|Jan 21 General orientation tour of Palermo, the bustling capital city situated on the northern coast, with visits to the Palazzo dei Normani, the Capella Palatina, and San Giovanni degli Eremiti.|
|Jan 22 Walking tour of the medieval Capo Quarter, the Piazza Pretoria, and La Martorana, all in Palermo. In the afternoon, a short bus trip will take us to Monreale to see the cathedral, abbey, royals palace, and more. Over 40 Bible stories are depicted in mosaics against a gold background. Dinner provided.|
23 Free Day: From our hotel near the shore, choose to revisit some of the
sites in Palermo or seek new venues. There is much to see and explore.
|Jan 24 Departure from Palermo, with stop at Segesta to see the Greek theater and temple en route to Agrigento on the southern coast. Overnight in Agrigento with dinner provided.|
|Jan 25 Tour the Valley of the Temples in the morning, followed by travel to Caltagirone, famous for ceramics. Dinner provided.|
Jan 26 Excursion to Piazza Armerina to visit the Villa Romana del Casale, a sprawling Roman villa dating from the 4th century with superbly preserved mosaic floors depicting hunts and banquets.
|Jan 27 Travel from Caltagirone to Taormina on the east coast at the base of Mt. Etna. Tour Taormina, a city on a rocky plateau 200 meters above the sea. Visit the Greek theater dating from the 2nd century. Dinner provided.|
|Jan 28 Excursion onto upper slopes of Mt. Etna to see active caldera. The summit at 3350 meters (10,990 feet) will be snowcapped and inaccessible during January, but those wishing to undertake this adventure will ascend as far as nature and safety allow.|
|Jan 29 Travel to Naples via the scenic Amalfi Coast. Farewell dinner.|
|Jan 30 Return to U.S.|
Our hotels have been selected to place us within easy walking distance of historic sites, markets, and restaurants. The following list is subject to change if it becomes possible to substitute other hotels to improve our already excellent proximity to points of interest.
|Jan 18-19||Cefalu||Baia del Capitano||39-0921-420003||39-0921-420163|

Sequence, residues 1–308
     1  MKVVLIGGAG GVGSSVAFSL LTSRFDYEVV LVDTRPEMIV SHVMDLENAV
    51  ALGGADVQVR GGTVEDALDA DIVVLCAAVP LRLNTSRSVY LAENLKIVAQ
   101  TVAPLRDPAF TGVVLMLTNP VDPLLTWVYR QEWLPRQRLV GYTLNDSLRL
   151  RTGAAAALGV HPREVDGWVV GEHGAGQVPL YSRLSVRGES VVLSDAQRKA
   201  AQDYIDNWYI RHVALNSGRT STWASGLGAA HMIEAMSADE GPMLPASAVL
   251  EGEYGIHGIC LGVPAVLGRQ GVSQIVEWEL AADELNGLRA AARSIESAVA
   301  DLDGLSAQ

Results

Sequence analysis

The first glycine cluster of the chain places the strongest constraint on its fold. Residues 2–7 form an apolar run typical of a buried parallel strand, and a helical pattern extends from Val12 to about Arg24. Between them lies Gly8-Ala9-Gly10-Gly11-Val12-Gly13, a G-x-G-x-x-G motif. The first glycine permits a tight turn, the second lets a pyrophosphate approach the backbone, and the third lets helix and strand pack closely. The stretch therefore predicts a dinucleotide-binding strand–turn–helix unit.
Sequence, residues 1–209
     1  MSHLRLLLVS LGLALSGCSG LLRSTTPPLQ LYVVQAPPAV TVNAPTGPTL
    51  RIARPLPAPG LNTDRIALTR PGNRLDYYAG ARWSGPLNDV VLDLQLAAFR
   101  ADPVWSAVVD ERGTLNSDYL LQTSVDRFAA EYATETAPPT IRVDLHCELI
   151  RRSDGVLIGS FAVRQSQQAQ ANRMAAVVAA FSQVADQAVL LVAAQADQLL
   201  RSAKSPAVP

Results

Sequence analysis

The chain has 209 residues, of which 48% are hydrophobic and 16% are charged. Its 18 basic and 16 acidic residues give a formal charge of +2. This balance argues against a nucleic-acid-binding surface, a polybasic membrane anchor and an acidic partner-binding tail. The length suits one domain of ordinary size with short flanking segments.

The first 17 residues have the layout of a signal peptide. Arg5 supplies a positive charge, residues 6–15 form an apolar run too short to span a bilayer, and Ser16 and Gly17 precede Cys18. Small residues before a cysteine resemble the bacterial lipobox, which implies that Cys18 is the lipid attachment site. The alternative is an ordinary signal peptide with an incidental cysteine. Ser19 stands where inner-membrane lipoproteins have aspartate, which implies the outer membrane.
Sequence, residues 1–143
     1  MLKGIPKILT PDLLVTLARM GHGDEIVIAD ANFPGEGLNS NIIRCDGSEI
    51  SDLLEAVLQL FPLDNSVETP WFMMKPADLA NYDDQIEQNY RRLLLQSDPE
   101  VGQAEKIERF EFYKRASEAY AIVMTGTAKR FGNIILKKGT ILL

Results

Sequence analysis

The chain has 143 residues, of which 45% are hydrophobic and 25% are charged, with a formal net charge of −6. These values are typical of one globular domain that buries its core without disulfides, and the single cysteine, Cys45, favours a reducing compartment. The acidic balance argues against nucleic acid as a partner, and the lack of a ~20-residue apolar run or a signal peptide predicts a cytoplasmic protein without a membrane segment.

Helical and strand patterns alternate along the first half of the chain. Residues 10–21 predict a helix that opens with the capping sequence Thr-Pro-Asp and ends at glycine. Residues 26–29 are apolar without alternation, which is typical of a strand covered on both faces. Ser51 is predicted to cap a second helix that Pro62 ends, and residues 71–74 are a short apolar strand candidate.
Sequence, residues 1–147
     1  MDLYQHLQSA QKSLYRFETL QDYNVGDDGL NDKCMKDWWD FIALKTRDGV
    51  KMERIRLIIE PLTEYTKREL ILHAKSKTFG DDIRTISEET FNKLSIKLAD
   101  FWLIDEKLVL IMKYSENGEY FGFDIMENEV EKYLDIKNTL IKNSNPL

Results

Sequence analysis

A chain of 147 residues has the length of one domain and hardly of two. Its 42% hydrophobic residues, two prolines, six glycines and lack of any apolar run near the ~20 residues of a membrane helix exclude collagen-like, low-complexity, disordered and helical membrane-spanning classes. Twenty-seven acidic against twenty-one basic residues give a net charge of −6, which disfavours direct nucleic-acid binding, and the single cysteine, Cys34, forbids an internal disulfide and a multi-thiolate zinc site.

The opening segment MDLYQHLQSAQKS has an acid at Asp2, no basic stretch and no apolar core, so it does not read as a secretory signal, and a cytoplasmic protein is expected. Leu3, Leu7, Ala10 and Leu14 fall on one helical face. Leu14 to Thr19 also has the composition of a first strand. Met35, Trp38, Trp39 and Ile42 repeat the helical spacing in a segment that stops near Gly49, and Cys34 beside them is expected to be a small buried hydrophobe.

|Jan 24||Agrigento||Grand dei Templi||39-0922-606144||39-0922-606685|
|Jan 25-26||Caltagirone||Villa San Mauro||39-0933-26500||39-0933-31661|
|Jan 27-28||Taormina||Antares le Terrazze||39-0942-36477||39-0942-652052|
All Flights on British Airways
|BA 2006||12 Jan||Charlotte Douglas||London Gatwick||05:40 pm||
|BA 2606||13 Jan||London Gatwick||Naples||10:15 am||02:10 pm||2:55|
|BA 2605||30 Jan||Naples||London Gatwick||07:15 am||09:20 am||3:05|
|BA 2007||30 Jan||London Gatwick||Charlotte Douglas||11:40 am||03:45 pm||9:05|
The course fee of $2500 covers round trip bus transportation to departure airport, round-trip international airfare, all lodging, all breakfasts and 11 dinners, ground transportation, entrance fees, local guide in Sicily and minimal tips for guides.
The course fee does not cover insurance (see below) lunches, 6 dinners, souvenirs, costs of excursions taken during free time and any other incidentals. Depending on one's appetite and penchant for shopping, as little as $300-$400 pocket money should suffice.
Wofford College requires students to buy travel insurance for any Interim Project that includes travel. Highly recommended is the International Student Identity Card which costs $20 plus $3 for postage and handling. Purchasing this card automically includes basic accident and sickess insurance for travel outside the US, including hospital stays, accidental medical expense, emergeny evacuation, passport protection, baggage delay, and more. For complete details, consult www.counciltravel.com/idcards/default.asp Several nearby campuses issue the cards (Furman, Clemson, USC). Cards ordered by mail, phone (1-800-2COUNCIL), or on line may take up to 6 weeks for delivery so make arrangements early. If you choose not to get this ID card, you must supply evidence of travel insurance to the instructors in 4 weeks prior to departure.